Democrats pin hopes on sushi

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Correlation Between Politics And Food

I love a juicy steak, but I get withdrawal pangs if I can’t have sushi at least once every couple of weeks.

The other day we were sitting around Urbanspoon World Headquarters discussing the relative merits of these two wonderful cuisines, and we began to wonder if what we eat relates to the way we vote.

Naturally, as scientists, we had to dig deeper. After careful and extensive investigation it appears there is in fact a strong correlation between politics and food.*

Correlation Between Politics And Food

We calculated the ratio of steak to sushi restaurants — what we’re calling the Steak/Sushi Index — for cities around the country. We then compared that to the election results from Bush vs. Kerry in 2004 (measured by the spread in the percentage of the vote).

Cities in general lean Democratic, but there’s still a clear relationship here — the more sushi, the more liberal. Somehow this feels intuitively obvious. You’d expect more red meat in red states.

But once you’ve established a connection between voting, steak and sushi, you can’t help but try to apply that knowledge. As my statistics professor used to say, “correlation is causation”. If we could only see how public interest in sushi vs. steak is changing over time, we could predict which way the political winds are blowing.

But we can! Thanks to Google Trends, we can get a glimpse by measuring search traffic for the terms “Steak” and “Sushi”:


Correlation Between Politics And Food

By this measure, you can see why Kerry lost in ’04 (sushi down), and why the Democrats took the majority in ’06 (steak down). If this trend continues, it looks like a Democratic sweep in ’08!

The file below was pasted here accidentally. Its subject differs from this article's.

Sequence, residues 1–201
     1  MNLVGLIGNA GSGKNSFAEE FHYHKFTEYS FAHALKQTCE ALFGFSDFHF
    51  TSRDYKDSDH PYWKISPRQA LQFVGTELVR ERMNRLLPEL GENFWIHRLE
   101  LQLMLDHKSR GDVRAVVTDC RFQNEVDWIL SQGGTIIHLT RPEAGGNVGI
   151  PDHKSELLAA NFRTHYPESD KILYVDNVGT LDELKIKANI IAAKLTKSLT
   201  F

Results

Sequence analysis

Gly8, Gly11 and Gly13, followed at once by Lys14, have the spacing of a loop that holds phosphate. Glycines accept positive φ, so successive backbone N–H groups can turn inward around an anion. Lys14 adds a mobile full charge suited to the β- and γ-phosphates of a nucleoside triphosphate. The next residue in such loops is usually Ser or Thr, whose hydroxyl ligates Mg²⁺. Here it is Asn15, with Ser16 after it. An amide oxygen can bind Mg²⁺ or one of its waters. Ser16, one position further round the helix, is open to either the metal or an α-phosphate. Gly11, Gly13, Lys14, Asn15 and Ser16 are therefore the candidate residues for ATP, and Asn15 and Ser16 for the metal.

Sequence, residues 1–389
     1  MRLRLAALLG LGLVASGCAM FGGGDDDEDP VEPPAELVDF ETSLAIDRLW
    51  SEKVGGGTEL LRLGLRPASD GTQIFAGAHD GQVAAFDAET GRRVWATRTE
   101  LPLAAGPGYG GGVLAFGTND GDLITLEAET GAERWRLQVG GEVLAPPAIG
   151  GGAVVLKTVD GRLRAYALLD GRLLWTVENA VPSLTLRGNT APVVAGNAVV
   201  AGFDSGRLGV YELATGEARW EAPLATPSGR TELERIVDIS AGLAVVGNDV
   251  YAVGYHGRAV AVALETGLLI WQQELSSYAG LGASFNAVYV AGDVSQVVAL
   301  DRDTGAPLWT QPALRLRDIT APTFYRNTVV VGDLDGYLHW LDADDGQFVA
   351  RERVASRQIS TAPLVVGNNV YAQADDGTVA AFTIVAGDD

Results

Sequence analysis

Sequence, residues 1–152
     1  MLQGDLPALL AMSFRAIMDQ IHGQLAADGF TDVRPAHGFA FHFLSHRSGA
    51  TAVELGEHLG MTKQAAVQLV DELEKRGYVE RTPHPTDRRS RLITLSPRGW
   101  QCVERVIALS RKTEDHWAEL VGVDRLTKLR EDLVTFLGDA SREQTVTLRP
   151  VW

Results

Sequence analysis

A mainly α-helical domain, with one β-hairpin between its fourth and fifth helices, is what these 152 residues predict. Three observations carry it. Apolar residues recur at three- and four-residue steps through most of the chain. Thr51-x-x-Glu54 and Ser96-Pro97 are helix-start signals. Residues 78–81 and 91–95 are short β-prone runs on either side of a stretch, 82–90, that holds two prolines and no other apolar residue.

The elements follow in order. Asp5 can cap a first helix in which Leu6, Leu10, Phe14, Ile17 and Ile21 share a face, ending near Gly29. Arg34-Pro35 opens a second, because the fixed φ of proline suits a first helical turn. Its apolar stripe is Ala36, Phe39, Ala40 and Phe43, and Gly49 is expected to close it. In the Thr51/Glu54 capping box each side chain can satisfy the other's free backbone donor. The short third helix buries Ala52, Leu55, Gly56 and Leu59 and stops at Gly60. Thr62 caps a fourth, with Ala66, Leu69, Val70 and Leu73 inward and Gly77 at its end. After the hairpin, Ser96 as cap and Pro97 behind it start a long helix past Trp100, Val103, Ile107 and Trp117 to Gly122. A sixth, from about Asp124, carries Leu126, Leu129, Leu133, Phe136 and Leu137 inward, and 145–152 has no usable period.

But wait, before liberals get too smug and conservatives despondent, online data can be misleading. The netroots are powerful, but it’s possible that there are lots of people living in this country who don’t search for steak and sushi on Google. We looked at the growth rate of cities, and found another stark correlation.

Correlation Between Politics And Food

Steak-eating, Republican-voting cities are getting bigger faster than their sushi-loving, blue state brethren.

The race is still on.

By the way, we pored over lots of other statistics in our quest for “meaningful” correlations — like the fattest vs. fittest cities (nope, steak doesn’t necessarily make you fatter), the most wired cities (no real connection between internet access and the food you eat), and the cities with the most attractive people (it appears that eating sushi makes you slightly better looking, statistically speaking).

It is also fitting that a new restaurant has recently opened in Washington DC that focuses on offering great steak AND sushi. Perhaps a sign of bi-partisan times to come?

Calculating the Steak/Sushi Index (SSI)

We found the Steak/Sushi Index (SSI) with a sophisticated algorithm — we divided the total number of steak restaurants by the total number of sushi restaurants. So cities with values greater than one have more steak (shown in red), and those with less than one favor sushi (in blue).

City Steakhouses Sushi joints SSI
Seattle 54 72 0.75
Chicago 120 111 1.08
New York 164 335 0.49
Boston 44 87 0.51
Los Angeles 172 328 0.52
SF Bay Area 120 369 0.33
Washington DC 215 141 1.52
Houston 157 74 2.12
Atlanta 210 138 1.52
Austin 75 56 1.34
Miami 116 121 0.96
Dallas 298 99 3.01

 

* Reading the politics and food graph

I realize the numbers on the axes of the graph may be a little unclear, so here’s a little bit more explanation of how to read them.

On the left side of the graph you see the ratio of steak restaurants to sushi restaurants – so Dallas has three times as many steakhouses as sushi spots, whereas San Francisco has less than half as many. That is tracked by the blue line.

On the right side, we’re showing the point spread between Bush and Kerry. So in Dallas Bush was up by 20 points (e.g. 60% vs. 40%) and in San Francisco Bush was down by 50 points (e.g. 75% vs 25%). That’s tracked by the red line.

Photo available from flickr user sparktography under Creative Commons license.

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